Friday, March 25, 2011

The Yale Alumni Service Trip

What made us decide to go to the DR in the first place?

It all started at the AYA Assembly last fall, where the work of some of the leaders among Yale alumni was highlighted.  During these presentations, Mark Dollhopf showed a video of the Yale Alumni Service Corp's work in Monterrey, Mexico last year. 

As Lisa and I watched the video, we both remarked that a trip like that would be great for our oldest son, Tyler, who has taken a few years of Spanish and has a desire to see the world.A little while later, we received an e-mail announcing the trip.  We went to the trip website, checked it out, and started to figure out if we could make it work. 

I was, I admit, a little apprehensive at first.  Would this be too much for me and Tyler to handle?  What could a 14 year old do on such a trip?  Armed with these questions, I called Joao Aleixo, who works in Yale's Office of International Affairs and who was kind enough to support the trip to the DR.  Joao was very knowledgeable and very helpful, explaining to me what to expect, what the accommodations would be like, and what kinds of projects we might work on.  Joao didn't sugar coat things, which I later appreciated, and made clear what the challenges would be.  He also explained the physical beauty of the area we would be visiting and the warm, welcoming nature of the people we would be meeting.  Armed with the information on the website and Joao's background, Tyler and I decided to sign up.

When we signed up, we offered to teach English or, if we could figure it out, piano.  (Tyler was willing to donate one of his electric keyboards to the cause.)  Over the course of January and February, we had a few conference calls with the education team to figure things out.  Our team leader, Darlene Cimino-DeRose, helped us figure out how we would pull off a piano program and suggested (thank goodness) to bring down small, portable, and battery-operated practice key boards, so we could teach more than one child at a time.  Over the next couple of weeks, we looked for Spanish-language piano books, and order some through Amazon.  So, piano teaching it would be!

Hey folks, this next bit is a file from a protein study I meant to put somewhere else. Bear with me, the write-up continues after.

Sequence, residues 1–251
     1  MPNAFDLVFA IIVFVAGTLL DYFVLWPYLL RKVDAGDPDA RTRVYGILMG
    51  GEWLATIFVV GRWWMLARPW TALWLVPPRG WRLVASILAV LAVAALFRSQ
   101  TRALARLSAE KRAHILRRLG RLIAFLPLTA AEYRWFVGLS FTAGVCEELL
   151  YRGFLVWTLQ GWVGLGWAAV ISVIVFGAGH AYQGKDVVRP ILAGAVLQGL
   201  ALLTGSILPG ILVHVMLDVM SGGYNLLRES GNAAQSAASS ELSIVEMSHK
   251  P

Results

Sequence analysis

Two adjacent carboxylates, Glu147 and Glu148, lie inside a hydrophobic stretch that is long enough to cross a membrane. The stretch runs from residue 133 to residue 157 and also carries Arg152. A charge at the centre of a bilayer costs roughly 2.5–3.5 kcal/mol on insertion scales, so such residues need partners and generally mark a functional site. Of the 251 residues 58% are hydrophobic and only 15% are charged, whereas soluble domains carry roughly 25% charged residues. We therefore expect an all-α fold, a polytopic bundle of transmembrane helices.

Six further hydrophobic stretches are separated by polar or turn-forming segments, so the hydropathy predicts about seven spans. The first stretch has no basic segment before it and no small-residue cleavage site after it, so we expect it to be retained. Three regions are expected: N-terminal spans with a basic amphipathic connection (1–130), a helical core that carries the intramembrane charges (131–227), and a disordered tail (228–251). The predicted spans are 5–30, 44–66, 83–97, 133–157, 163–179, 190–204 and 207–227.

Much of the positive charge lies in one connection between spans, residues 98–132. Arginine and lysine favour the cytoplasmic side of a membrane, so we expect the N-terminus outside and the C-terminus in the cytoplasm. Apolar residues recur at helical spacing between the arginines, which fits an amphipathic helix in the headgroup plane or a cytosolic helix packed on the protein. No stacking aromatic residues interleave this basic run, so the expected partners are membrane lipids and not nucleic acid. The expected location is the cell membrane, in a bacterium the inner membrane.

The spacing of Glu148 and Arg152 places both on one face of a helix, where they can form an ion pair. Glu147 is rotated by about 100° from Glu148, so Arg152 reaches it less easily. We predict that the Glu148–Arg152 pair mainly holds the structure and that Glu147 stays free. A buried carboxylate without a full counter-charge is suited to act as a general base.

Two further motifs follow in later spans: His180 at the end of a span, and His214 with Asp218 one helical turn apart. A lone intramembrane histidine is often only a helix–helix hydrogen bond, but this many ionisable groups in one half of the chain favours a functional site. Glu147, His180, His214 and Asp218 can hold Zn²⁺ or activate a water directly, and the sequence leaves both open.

Once we had the books and hardware in place, we started to think about how we would teach a group of kids.  We settled on a plan to teach four to six kids at a time.  Tyler worked with his piano teacher to sketch out what these sorts of lessons would look like.  Tyler then spent time figuring out the vocabulary he would need to use to teach the lessons he had planned and then he spent some time teaching me the basic piano skills I would need to teach.  By the time of our departure, we had our plan in place (or so we thought). 

Importantly, during our conference calls, Darlene, and Chris Goodrich, a Cambiando Vidas person who also happens to be a Yale alum, stressed flexibility.  "Go with Plan A, be prepared to try a Plan B, and you should even have a Plan C in mind," they told us.  "It could very well be that, within a day or two, you hit on a Plan E or F that actually works."  Being a confident sort of guy, who believed in the plan we had developed, I was confident that we might need a Plan B, but certainly a Plan C, D or E would not be necessary.  Boy, was I wrong!

Another thing we did to prepare for the trip was to check the CDC website and visit our doctors.  Would there be a risk of malaria?  (Yes)  Was there a risk of cholera?  (Probably not, but cholera could come over the boarder from Haiti.)  Should we bring anything special to wear?  (Yes, as it turns out that there is bug-resistant clothing.  And, the cultural norm in the DR is for men to wear only pants.   Despite the heat, shorts simply aren't what a man wears.) 

The other preparation I did for the trip was to read the novel that was suggested to us -- The Brief Wondrous Life of Oscar Wao.  Some might think it odd that they would suggest fiction to prepare us for a trip like this.  As a literature major, I thought it was perfect.  After reading the book, I thought the suggestion was inspired, because it offered an insight in the psyche of the Dominican people, into the reason why the dictatorship of Rafael Trujillo still echoes through that nation's consciousness decades after his death, and into the kinship the Dominican people feel toward each other.  If you haven't read it, do.  The writing is gripping.  The story is compelling, if sad.  There is a reason that this book was awarded the Pulitzer Prize.

So with that preparation, we were off to the Dominican Republic.

Tune in later for the post about our trip to the DR!

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